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How to Connect to Library Resources from Off Campus: Get articles

About Article Databases

Electronic Databases are used to find articles in journals and magazines--periodicals. Some entries will be full text; others will provide a summary or reference, but the information will be listed on where and in what publication you can find the original article

General and Multidisciplinary Article Databases

Listed below are three of our top multi-disciplinary electronic databases. there are others of course, located here


  • Academic Search Premier
    This multi-disciplinary database provides full text for more than 4,600 journals, including full text for nearly 3,900 peer-reviewed titles. PDF backfiles to 1975 or further are available for well over one hundred journals, and searchable cited references are provided for more than 1,000 titles.
  • Academic OneFile
    A one-stop source for news and periodical articles on a wide range of topics: business, computers, current events, economics, education, environmental issues, health care, hobbies, humanities, law, literature and art, politics, science, social sciences, sports, technology, and many general interest topics. Millions of full-text articles.
  • Expanded Academic ASAP
    Use this database to find information on: Astronomy, Religion, Law, History, Psychology, Humanities, Current Events, Sociology, Communications and the General Sciences.

What are they talking about?

Libraries pay for and provide resources that are electronically accessible but that cannot be found with a Web browser or "on the Internet." Knowing these terms will help as you look for articles in your subject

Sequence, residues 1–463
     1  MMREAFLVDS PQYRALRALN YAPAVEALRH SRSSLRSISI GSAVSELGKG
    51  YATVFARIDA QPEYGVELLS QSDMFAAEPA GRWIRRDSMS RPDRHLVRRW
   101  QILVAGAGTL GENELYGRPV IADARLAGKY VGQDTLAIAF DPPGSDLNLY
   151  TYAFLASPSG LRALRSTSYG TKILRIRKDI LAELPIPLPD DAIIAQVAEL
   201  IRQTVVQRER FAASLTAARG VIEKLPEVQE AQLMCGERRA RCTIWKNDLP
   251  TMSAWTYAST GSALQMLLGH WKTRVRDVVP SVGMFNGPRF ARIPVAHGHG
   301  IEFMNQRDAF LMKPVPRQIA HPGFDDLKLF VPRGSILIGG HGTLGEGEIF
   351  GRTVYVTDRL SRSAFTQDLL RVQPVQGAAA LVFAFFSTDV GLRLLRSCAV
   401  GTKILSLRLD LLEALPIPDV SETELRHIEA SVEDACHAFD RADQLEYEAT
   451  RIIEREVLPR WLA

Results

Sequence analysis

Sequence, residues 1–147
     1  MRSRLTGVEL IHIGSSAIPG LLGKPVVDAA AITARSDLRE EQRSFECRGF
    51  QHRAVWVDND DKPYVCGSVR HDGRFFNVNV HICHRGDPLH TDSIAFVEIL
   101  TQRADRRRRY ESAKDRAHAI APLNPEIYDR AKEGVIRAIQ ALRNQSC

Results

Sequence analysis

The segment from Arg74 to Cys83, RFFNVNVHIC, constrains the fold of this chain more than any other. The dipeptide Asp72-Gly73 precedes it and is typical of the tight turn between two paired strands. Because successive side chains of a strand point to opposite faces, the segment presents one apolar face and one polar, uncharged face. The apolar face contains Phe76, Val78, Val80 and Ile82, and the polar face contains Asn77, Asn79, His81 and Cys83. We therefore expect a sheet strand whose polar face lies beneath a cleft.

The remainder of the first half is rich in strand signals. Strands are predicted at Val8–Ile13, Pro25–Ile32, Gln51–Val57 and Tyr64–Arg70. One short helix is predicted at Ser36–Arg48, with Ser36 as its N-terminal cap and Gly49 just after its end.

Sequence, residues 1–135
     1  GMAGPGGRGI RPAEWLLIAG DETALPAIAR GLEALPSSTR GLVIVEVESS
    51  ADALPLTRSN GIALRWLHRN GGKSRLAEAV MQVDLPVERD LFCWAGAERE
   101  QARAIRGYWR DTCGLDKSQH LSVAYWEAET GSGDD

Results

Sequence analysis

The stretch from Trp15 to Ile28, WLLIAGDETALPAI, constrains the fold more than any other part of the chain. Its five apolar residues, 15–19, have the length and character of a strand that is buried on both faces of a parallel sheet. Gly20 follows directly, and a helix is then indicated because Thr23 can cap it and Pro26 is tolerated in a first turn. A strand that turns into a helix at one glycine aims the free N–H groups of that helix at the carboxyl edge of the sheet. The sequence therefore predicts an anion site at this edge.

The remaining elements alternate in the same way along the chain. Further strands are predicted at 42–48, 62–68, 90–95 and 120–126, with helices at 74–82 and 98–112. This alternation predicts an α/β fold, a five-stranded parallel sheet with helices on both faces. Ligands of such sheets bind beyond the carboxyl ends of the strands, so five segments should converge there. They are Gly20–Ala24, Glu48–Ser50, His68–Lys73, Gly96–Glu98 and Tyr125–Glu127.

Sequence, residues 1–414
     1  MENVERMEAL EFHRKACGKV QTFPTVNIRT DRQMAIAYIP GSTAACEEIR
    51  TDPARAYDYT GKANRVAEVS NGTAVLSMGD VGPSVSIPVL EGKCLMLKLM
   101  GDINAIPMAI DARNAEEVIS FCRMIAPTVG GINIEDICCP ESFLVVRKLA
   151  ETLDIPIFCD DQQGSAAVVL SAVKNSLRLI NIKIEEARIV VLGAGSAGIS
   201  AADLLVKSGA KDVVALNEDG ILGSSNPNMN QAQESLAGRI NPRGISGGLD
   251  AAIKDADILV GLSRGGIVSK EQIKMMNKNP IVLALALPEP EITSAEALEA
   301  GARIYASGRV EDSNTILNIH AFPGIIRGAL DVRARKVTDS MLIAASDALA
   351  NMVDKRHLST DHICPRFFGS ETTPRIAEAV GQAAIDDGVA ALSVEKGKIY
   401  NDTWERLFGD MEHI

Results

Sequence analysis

Abstract   Short summary of an article's methods and findings, written to help researchers decide quickly if the article is relevant to their interest

Article   Single piece of writing by one or more authors, shorter than a monograph (book), published in a periodical

Citation   Publication data for a published item which allows a reader to identify the source; sometimes accompanied by an abstract

Database   An electronic collection of publications that allows users to browse individual titles or to search many all at once. Subject databases are often very expensive and not avialable beyond campus, but they are the best way to see what has been done in a field. A database may be either an index or full-text, and might have both kinds of entries

Full-text   Includes an electronic copy of the actual article. Depending on the database, the article may be available in HTML format, PDF format (displays the article as it originally appeared in the periodical with, layout and graphics), or both.

Index   Lists of article citations which may provide an abstract of an article, but does not provide complete text. Use an index to identify material the library may not own but which you may find in another database or request through ILLiad

Journal   A periodical produced for specialists in a particular field, often produced by a scholarly society or academic school; almost always peer reviewed

Limiter   Any of several database functions that narrow a results list, often by using controlled terms, dates, or sources

Magazine   Commercial periodical publication for interested non-specialists or casual professional reading; rarely peer reviewed, but often a good measure of what matters concern a profession, discipline, or interest group

Newsletter   Special-interest periodical of notices and brief summaries of current information, often directed at members of an organization 

Peer review   An editorial process before an article or book becomes accessible (published), in which writing is judged to be good enough for publication by other people who work in the field; it typically represents a higher standard of ability, accuracy, and professionalism (and therefore reliability and quality) than journalistic or non-peer-reviewed work

Periodical   The catch-all term for publications issued on a regular basis, including journals, magazines, newspapers, and newsletters, whether in print or in electronic form

Why Use an Article Database?